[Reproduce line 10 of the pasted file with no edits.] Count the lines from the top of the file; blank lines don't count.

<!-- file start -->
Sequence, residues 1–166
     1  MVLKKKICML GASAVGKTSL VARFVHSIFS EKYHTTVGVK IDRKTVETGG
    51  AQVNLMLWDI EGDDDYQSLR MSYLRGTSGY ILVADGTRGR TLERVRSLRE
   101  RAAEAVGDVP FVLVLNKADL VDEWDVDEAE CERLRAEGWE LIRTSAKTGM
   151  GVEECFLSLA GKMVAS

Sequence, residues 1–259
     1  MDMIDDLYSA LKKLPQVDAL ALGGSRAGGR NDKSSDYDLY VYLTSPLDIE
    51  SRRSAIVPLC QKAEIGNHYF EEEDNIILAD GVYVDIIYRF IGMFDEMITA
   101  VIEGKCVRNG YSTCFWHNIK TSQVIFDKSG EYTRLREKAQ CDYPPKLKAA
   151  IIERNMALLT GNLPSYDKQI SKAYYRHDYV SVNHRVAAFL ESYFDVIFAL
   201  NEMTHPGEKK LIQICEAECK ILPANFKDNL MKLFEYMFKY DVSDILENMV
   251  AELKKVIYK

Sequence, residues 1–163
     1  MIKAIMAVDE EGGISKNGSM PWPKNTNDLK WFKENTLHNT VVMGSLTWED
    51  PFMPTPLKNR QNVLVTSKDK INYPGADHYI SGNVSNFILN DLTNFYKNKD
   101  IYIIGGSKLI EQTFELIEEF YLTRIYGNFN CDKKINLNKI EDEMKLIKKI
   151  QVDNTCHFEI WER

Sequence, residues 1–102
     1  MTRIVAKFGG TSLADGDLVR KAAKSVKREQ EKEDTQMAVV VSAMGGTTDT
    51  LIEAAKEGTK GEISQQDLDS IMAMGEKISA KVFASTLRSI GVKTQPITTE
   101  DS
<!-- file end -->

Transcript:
   151  IIERNMALLT GNLPSYDKQI SKAYYRHDYV SVNHRVAAFL ESYFDVIFAL